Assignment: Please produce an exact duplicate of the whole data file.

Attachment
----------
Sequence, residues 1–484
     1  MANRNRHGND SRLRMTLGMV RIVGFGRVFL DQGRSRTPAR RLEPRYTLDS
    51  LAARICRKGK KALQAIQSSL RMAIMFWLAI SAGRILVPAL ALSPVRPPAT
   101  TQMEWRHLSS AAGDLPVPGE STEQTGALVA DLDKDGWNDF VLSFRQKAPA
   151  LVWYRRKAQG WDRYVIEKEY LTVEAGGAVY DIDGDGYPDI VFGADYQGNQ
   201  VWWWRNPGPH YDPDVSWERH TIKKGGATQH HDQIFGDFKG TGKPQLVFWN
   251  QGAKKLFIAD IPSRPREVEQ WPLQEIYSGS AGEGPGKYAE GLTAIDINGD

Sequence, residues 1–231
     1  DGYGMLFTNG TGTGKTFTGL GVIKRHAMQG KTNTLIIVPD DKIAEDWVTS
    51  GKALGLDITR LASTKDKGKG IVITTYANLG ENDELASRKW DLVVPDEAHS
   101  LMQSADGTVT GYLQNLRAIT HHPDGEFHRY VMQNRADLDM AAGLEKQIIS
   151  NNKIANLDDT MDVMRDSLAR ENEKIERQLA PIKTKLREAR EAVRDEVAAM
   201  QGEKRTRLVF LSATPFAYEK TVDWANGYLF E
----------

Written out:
Sequence, residues 1–484
     1  MANRNRHGND SRLRMTLGMV RIVGFGRVFL DQGRSRTPAR RLEPRYTLDS
    51  LAARICRKGK KALQAIQSSL RMAIMFWLAI SAGRILVPAL ALSPVRPPAT
   101  TQMEWRHLSS AAGDLPVPGE STEQTGALVA DLDKDGWNDF VLSFRQKAPA
   151  LVWYRRKAQG WDRYVIEKEY LTVEAGGAVY DIDGDGYPDI VFGADYQGNQ
   201  VWWWRNPGPH YDPDVSWERH TIKKGGATQH HDQIFGDFKG TGKPQLVFWN
   251  QGAKKLFIAD IPSRPREVEQ WPLQEIYSGS AGEGPGKYAE GLTAIDINGD

Sequence, residues 1–231
     1  DGYGMLFTNG TGTGKTFTGL GVIKRHAMQG KTNTLIIVPD DKIAEDWVTS
    51  GKALGLDITR LASTKDKGKG IVITTYANLG ENDELASRKW DLVVPDEAHS
   101  LMQSADGTVT GYLQNLRAIT HHPDGEFHRY VMQNRADLDM AAGLEKQIIS
   151  NNKIANLDDT MDVMRDSLAR ENEKIERQLA PIKTKLREAR EAVRDEVAAM
   201  QGEKRTRLVF LSATPFAYEK TVDWANGYLF E